The on-demand ride-sharing app Lyft postponed its scheduled Friday launch in New York City while a state judge will wait until next week to consider whether its planned operations violate state and local laws.
The state attorney general's office and the Department of Financial Services sued only hours before San Francisco-based Lyft planned to enter the market. Their joint lawsuit said the company actually operates as a traditional for-hire livery service using mobile technology, not a peer-to-peer transportation platform as claimed.
The company operates "in open defiance" of state and local licensing and insurance laws, according to the suit filed in Manhattan. Authorities allege Lyft began operating in Buffalo and Rochester without authorizations in April and already violates various laws, another issue they expect to further argue Monday.
Justice Kathryn Freed told The Associated Press she agreed to consider Lyft's response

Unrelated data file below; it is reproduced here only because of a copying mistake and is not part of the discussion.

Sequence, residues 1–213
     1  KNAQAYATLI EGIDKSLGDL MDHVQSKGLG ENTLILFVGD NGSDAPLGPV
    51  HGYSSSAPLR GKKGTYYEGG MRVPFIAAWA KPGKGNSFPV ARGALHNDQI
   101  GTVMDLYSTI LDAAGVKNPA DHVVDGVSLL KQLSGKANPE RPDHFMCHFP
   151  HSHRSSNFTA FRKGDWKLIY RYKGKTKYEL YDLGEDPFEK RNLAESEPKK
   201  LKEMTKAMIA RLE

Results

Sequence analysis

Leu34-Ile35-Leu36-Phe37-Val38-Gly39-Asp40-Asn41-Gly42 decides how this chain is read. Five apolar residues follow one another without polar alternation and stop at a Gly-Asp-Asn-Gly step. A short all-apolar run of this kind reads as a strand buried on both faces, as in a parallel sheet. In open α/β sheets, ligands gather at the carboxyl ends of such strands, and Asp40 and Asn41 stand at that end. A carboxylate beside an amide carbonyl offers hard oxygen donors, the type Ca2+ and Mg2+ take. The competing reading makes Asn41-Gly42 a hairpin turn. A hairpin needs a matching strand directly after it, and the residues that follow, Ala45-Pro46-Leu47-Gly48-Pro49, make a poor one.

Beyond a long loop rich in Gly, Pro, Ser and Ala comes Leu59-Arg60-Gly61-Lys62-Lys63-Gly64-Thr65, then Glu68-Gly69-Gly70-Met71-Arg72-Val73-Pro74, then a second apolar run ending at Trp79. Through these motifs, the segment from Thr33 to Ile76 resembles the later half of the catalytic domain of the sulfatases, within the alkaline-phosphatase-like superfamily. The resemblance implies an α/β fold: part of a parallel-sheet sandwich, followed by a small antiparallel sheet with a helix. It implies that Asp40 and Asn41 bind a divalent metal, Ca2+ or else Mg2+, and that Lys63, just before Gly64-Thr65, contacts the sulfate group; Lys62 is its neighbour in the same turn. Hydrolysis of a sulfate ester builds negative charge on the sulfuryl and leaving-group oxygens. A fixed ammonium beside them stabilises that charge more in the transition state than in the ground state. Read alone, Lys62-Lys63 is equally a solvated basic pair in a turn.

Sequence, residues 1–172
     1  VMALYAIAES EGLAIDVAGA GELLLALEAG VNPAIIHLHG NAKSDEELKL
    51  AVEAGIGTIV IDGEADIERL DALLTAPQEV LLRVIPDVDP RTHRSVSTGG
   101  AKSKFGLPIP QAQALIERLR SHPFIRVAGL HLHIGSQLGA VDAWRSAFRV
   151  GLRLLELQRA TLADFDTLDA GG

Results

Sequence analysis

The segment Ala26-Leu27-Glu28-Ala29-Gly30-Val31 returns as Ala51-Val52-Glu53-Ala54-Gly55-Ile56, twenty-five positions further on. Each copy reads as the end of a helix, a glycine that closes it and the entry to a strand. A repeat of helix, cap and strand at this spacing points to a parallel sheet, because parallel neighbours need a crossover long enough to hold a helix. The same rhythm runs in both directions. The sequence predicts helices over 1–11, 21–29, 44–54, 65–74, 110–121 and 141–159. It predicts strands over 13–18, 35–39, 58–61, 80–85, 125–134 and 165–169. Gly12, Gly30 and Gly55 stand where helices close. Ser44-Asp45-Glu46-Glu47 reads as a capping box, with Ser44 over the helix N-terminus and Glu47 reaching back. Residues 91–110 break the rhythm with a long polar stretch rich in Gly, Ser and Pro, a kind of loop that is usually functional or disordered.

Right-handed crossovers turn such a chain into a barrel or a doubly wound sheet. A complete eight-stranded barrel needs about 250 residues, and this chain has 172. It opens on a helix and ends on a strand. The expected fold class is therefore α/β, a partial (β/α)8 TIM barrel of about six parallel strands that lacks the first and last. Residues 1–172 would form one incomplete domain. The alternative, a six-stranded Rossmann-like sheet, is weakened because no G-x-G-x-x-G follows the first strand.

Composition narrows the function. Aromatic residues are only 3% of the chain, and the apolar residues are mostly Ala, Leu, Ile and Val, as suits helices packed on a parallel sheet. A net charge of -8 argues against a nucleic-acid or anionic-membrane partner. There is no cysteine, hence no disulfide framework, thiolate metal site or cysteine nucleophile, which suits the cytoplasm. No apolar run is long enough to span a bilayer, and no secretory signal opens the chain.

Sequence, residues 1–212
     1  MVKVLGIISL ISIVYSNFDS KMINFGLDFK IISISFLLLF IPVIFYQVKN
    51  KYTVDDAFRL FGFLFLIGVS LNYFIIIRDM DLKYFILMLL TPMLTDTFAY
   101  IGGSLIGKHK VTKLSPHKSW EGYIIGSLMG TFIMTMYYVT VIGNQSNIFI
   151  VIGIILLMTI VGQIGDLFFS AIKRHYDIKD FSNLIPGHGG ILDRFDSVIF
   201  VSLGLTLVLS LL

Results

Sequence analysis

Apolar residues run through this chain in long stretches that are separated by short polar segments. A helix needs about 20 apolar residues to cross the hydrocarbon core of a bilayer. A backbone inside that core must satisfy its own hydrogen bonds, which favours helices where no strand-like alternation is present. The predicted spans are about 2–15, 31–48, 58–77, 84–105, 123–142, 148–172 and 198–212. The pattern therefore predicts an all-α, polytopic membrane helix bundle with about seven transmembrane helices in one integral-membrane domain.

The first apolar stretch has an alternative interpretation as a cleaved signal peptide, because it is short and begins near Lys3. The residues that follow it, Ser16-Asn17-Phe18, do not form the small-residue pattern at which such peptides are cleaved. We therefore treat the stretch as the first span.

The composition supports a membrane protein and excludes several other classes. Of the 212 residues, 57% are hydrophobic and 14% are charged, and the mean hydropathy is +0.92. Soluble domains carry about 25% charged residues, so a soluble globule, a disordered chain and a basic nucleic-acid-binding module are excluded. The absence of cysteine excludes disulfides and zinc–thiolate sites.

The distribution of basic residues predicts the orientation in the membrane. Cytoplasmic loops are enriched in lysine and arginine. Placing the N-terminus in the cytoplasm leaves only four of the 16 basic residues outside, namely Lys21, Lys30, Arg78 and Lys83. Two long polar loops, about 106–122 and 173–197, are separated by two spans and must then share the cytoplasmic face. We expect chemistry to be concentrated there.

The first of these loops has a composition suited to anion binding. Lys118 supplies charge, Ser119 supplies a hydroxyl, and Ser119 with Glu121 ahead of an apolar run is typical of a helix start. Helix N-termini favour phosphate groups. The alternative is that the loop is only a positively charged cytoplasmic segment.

Justice Kathryn Freed told The Associated Press she agreed to consider Lyft's response Monday afternoon provided the company not launch in the meantime.
Attorney General Eric Schneiderman and Department of Financial Services Superintendent Ben Lawsky are seeking a court order to stop the company's New York service until the suit is resolved, plus a civil penalty and loss of profits.
"We pursued this action only after repeatedly offering to work with Lyft in order to ensure that its business practices complied with the law," they said in a statement. "Instead of collaborating with the state to help square innovation with statute and protect the public ... Lyft decided to move ahead and simply ignore state and local laws."
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